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Thursday, Apr. 24, 2014

Mothers, daughters share tea and quilts

Monday, April 22, 2002

SIKESTON - Spending quality time with your child doesn't have to be anything extravagant. The activity can be something as small as reading, taking a walk or working on a craft project.

The key is doing it together.

One activity mothers and daughters have enjoyed for years is the Sikeston Public Library's Mother-Daughter Tea. Coming up May 5, the event is set from 1 to 3 p.m. at the facility.

The program, geared toward girls in grades 2-5, will be on quilt patterns and presented by Ginger Miller and Amanda Fritz.

Mothers and daughters at the tea will fabric paint a quilt pattern which will be pieced together and displayed in the library. Guests will be served tea and cake. Door prizes will be given away and the girls will receive quilted book mark crafts to make at home.

The whole purpose behind the tea, said Ann Thompson, children's librarian, is to celebrate Mother's Day and the relationship between mothers and daughters.

"This is a time set aside in the afternoon to enjoy quality time together," Thompson explained. "Several different presentations have been given over the years such as a formal tea party and making tussie mussies. This year will be the art of quilt patterns, every quilt tells a story.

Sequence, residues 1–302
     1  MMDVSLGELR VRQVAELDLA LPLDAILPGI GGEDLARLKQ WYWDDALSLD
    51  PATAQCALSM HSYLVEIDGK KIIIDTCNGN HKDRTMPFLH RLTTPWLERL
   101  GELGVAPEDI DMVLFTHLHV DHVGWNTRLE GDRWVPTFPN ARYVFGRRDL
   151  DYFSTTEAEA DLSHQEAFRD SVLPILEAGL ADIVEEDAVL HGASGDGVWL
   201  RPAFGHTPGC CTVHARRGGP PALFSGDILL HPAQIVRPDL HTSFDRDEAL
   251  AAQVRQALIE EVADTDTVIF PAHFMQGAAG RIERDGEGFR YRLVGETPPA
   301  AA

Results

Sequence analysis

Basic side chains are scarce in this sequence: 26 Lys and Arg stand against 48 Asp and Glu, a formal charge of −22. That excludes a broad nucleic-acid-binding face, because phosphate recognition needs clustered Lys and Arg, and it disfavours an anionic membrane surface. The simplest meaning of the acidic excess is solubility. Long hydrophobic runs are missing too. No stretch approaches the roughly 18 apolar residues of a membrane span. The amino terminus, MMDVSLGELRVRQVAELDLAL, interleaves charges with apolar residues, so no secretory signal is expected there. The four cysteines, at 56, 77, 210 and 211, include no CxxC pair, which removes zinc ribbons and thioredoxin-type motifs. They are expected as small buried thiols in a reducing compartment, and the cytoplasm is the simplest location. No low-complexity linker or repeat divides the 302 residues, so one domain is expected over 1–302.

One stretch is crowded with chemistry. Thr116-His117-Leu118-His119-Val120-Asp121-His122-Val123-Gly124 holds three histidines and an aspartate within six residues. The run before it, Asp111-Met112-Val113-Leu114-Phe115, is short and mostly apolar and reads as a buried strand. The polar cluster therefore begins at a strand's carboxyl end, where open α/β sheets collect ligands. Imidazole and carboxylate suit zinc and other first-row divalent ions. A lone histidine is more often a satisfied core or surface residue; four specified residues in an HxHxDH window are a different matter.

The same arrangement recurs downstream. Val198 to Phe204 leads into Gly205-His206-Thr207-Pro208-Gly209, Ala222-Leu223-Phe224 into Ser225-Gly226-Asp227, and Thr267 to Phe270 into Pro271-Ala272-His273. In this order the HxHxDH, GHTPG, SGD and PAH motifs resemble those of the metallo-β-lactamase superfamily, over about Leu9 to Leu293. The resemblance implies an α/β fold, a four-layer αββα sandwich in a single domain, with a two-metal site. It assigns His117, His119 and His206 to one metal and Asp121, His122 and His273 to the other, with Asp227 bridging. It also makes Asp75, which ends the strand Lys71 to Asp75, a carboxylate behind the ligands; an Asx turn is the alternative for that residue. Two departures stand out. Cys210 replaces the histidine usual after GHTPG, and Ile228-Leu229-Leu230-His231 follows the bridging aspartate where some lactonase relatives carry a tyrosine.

"Quilting has a long history evolving from ancient Egypt through the Middle Ages, not only in Europe but other cultures. During these periods quilting appeared to be used primarily for clothing. Patchwork quilt patterns tell us something about life in our country during the 19th century."

She explained during this time period fabric could be made or purchased from a factory, the latter of which was more expensive. Some women used pieces left over the other sewing projects, as they still do today.

"The blocks of patchwork were sewn into a large squares with a backing material and a sheet of cotton or wood called batting," she noted. "Mothers taught their daughters and some children made their first quilts when they were only 5-years-old."

The Mother-Daughter tea provides a quality time to be shared by the mother and daughter, said Thompson.

"It is very important to teach children at a very young age the importance of mothers and daughters doing things together and you do this by spending time with them. There are things that mothers teach daughters that they have learned from their own mothers, this is handed down through each generation thus telling a story about a family's history," she said. "By starting at an early age one builds on what they learn."

Because attendance is restricted to 30 girls, reservations are necessary by calling 471-4140.